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Day four was great.  Same dry weather, a little bit warmer.  After breakfast we headed over to Treme and did some walking around.  There are lots of cool little slightly run down churches and homes in around Treme, so I snapped some pictures.  In the heart of Treme is Louis Armstrong Park, home to Congo Square – widely to be the very place where jazz was born.  Can you imagine how excited we were to explore this big beautiful park – and how disappointed we were to discover, after walking around the entire perimeter of it, that it was completely closed to the public?!  Oh man, what a bummer.

After walking all morning we decided to head up Magazine Street again for lunch at an Indian place we snuffed about called Nirvana.  They had a lunch buffet with lots of vegetarian- and vegan-friendly dishes to choose from – all you can eat for 10 bucks a head!  Perfect!  The food was really awesome, too.  We stuffed ourselves and sat outside in the open air with a lovely view of the public park there and its beautiful expansive magnolia trees.

With lunch in our bellies, we headed back to the Treme neighborhood to tour the first of the famous St. Louis Cemeteries.  It was a very cool place to get a little lost in – so many tombs, crypts and headstones (all above ground, remember – you can’t dig barely a foot in New Orleans without hitting water) in various states of decay.  Some were brand sparkling new, white granite slabs with family names engraved (no dates yet – guess they paid in advance) and some graves that were so crumbled and degraded that no discernable name was apparent.  Other crypts towered overhead while others still were humble, barely above ground.  It’s interesting to note how one’s personality (and income bracket) likely often follows one beyond the end of life.  There are two graves in this particular cemetery marked with triple-Xs and in great disrepair.  One of these is believed to be the resting place of the woman who originally brought voodoo to New Orleans.  Spooky wooky!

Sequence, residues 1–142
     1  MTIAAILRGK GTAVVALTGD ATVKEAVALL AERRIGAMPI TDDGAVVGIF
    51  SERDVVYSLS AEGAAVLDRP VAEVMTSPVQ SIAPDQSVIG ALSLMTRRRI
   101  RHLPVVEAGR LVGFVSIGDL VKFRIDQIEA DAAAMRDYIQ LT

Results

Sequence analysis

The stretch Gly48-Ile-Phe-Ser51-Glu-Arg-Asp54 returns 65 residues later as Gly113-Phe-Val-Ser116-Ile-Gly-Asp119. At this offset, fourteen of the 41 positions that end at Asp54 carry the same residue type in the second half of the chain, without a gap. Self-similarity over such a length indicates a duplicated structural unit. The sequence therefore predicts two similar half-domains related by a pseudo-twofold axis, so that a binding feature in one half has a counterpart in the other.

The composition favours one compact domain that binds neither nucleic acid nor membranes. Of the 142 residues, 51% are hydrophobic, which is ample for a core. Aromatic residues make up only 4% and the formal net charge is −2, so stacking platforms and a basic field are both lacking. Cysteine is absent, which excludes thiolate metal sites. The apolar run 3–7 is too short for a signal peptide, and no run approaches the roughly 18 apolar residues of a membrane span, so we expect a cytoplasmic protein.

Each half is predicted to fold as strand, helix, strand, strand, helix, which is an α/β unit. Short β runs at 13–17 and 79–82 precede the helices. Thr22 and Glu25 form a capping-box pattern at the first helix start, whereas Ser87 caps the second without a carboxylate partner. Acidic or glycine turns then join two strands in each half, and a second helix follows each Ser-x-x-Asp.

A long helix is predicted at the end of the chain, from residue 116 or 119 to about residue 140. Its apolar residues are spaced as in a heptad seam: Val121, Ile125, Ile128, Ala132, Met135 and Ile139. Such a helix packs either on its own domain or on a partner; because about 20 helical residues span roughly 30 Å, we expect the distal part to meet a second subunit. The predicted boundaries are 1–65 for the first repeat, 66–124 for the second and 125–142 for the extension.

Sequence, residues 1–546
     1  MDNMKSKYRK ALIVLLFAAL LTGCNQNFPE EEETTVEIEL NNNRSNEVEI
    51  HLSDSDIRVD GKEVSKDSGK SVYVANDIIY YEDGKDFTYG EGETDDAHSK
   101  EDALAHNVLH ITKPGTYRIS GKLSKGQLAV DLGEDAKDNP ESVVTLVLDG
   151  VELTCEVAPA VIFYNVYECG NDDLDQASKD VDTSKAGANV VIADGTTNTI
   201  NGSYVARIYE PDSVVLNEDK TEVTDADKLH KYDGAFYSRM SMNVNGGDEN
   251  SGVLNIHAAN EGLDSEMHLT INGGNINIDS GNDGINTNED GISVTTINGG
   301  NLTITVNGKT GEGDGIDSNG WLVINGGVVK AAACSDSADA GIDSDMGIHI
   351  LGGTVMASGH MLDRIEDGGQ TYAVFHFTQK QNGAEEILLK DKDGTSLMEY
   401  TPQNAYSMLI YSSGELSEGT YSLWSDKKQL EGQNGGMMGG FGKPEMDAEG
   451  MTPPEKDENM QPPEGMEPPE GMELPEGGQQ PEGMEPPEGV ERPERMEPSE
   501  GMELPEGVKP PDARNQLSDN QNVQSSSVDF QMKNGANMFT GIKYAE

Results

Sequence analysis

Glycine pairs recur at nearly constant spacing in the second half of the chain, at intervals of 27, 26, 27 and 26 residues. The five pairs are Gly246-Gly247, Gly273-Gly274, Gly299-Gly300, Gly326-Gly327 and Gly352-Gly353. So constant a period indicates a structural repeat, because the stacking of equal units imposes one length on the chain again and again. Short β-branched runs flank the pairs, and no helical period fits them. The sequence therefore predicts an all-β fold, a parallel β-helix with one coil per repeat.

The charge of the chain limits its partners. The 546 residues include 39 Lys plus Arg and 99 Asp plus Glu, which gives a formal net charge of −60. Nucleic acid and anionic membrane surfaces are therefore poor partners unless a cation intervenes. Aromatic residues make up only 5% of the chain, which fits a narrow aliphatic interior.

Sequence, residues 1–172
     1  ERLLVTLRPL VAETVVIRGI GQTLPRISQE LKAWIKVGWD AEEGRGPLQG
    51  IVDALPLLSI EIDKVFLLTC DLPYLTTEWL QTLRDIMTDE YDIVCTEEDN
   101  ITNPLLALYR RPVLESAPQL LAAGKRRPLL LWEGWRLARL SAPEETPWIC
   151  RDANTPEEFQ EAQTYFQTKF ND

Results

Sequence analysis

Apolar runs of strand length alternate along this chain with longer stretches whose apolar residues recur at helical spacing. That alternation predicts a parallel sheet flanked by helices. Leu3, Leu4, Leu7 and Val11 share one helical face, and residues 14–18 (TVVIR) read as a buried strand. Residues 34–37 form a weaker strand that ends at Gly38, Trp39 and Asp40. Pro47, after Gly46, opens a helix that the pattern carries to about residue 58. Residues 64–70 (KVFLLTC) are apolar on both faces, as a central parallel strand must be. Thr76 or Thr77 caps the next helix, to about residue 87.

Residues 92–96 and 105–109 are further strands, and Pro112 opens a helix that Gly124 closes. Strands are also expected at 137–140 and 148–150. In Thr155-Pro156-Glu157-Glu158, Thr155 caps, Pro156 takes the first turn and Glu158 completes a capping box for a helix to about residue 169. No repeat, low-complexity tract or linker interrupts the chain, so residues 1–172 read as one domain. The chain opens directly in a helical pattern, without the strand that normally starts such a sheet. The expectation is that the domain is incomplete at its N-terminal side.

Feeling a bit weary in our legs and feet (we’ve walked SO MUCH this week!) we took in another street car ride, this time on the Canal Street car.  I can’t describe how hypnotic and relaxing it is to ride the street car.  With its rhythms and sounds, it can very easily lull one to sleep, and both of us nearly nodded off several times on the ride.  We rode all the way to the end of Canal, where we discovered huge cemeteries not unlike the one we had just explored.  These were much more expansive, though, and more ornate – not nearly as interesting and as captivating to the imagination as the one we walked through.